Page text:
Tag Archive for conflict

A Baker’s Dozen to Show Grace in Troubled Relationships

John Gottman believes “91% of the time the ground is ripe for miscommunications” in a marriage. I don’t know about the percentage, but I know conflict and misunderstandings arise in every family. It is inevitable. But, have you notice that family conflict can go from familysunheartbad to worse in no time? Grace gets thrown out the window and everyone involved begins to respond with anger, blame, accusations, and defensiveness. These responses lead to more anger, blame, accusations, and defensiveness. They may even result in withdrawal from the relationship and the death of a family. How can you avoid this terrible end? Respond with grace. Grace is an unmerited kindness, a favor given to someone even if they do not deserve it. When at least one person responds with grace, the outcome of the interaction will change. The people involved in the argument have a greater chance of connecting rather than pushing one another away. The argument has a greater chance of reaching a resolution. Let me share a baker’s dozen for responding with grace in the midst of troubled family relationships.

  • Rather than blaming the other person, look at your own contribution to the current situation (the log in your own eye).
  • Rather than making accusations, accept responsibility for your own actions and your own limited understanding.
  • Rather than responding with defensiveness, respond with curiosity about the feelings and emotions of the other person.
  • Rather than shutting down, communicate with the other person.
  • Rather than arguing and fighting, share a friendly conversation about something that interests the other person. If some topics lead to arguments, table them for another time.
  • Rather than assuming negative intent about the other person and their actions, look for the times they showed love. Assume positive intent—even in seemingly negative behavior.
  • Rather than trying to control the situation or the other person, pursue an understanding of the other person.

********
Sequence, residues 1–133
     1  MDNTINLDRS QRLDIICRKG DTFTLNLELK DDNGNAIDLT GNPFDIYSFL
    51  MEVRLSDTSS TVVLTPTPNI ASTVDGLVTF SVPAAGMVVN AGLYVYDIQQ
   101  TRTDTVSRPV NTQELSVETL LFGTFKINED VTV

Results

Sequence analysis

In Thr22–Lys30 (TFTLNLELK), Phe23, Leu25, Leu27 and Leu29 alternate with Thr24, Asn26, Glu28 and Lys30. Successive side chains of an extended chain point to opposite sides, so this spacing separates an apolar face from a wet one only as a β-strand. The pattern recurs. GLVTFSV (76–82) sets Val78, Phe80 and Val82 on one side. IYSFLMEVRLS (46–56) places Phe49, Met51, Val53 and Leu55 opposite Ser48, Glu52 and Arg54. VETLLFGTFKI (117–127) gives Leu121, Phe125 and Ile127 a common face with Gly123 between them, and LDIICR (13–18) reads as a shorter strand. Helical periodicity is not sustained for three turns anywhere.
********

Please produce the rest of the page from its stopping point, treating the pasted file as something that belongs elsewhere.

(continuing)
• Rather than focus on the negative you perceive in the other, focus on what you admire and adore in them.
  • Rather than trying to make the other person change or “grow,” focus on your personal growth. You are only responsible for your personal growth.
  • Rather than criticizing and making accusations about the other person’s past or character, practice kindness…and give a blessing (1 Peter 3:9).
  • Rather than making assumptions about the other person’s motives or intents, believe the best and simply ask what the other person wants.
  • Rather than speaking in sarcasm, speak in patience and love.
  • Rather than taking responsibility for the other person’s thoughts, feelings, and decision, take responsibility for yourself. You cannot make the other person happy—that is their personal responsibility. You cannot make decisions for the other person or determine how they will live—that is their personal responsibility. Let the other person take their responsibility and you take your responsibility.


Responding with grace in the midst of troubled family relationships will change, filling you with greater character and personal strength. It will change your relationship as well, filling it with greater joy and intimacy.

Finish Your Family Business

“Shave and a haircut, two….” I hate it when things are left unfinished. Anything left unfinished sticks with us; we long for someone to finish it. “A, B, C, D, E, F….” Feel that desire to finish Unfinished bridgeit? You may have already finished both of these unfinished phrases already. Chances are you will finish each of the following phrases before you can even stop yourself:

  • “Think outside the ….”
  • “Subway, Eat….”
  • “Tomorrow, tomorrow. I’ll love you….”
  • “Silly Rabbit, Trix are for….”
  • “Toto, we’re not in….”
  • “Elementary, my dear….”


We could list more, but I need to finish this blog. Unfinished business sticks in our craw; it keeps us on edge. Unfinished things are not forgotten. They roll around somewhere in our mind consuming our mental energy. Psychologists call this the Zeigarnik effect. Bluma Zeigarnik studied this tendency to remember unfinished business after noticing waiters recalled unpaid orders better than orders already paid for. In further studies, she found that participants completing simple tasks in a lab were about twice as likely to remember interrupted, unfinished tasks than a completed task.